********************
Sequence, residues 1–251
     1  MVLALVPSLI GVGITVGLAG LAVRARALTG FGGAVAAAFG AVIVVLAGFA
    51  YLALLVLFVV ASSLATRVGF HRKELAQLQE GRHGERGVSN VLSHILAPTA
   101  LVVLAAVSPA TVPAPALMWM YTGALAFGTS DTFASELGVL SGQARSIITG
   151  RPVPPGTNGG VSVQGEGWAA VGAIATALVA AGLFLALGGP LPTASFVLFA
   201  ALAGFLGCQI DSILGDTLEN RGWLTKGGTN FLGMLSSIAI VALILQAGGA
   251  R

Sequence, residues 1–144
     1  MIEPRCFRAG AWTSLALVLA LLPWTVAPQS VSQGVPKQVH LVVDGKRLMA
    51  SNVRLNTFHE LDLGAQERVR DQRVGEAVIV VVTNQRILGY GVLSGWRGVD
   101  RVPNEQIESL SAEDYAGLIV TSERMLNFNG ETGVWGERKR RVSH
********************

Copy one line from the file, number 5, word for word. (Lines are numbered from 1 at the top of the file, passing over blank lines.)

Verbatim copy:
   151  RPVPPGTNGG VSVQGEGWAA VGAIATALVA AGLFLALGGP LPTASFVLFA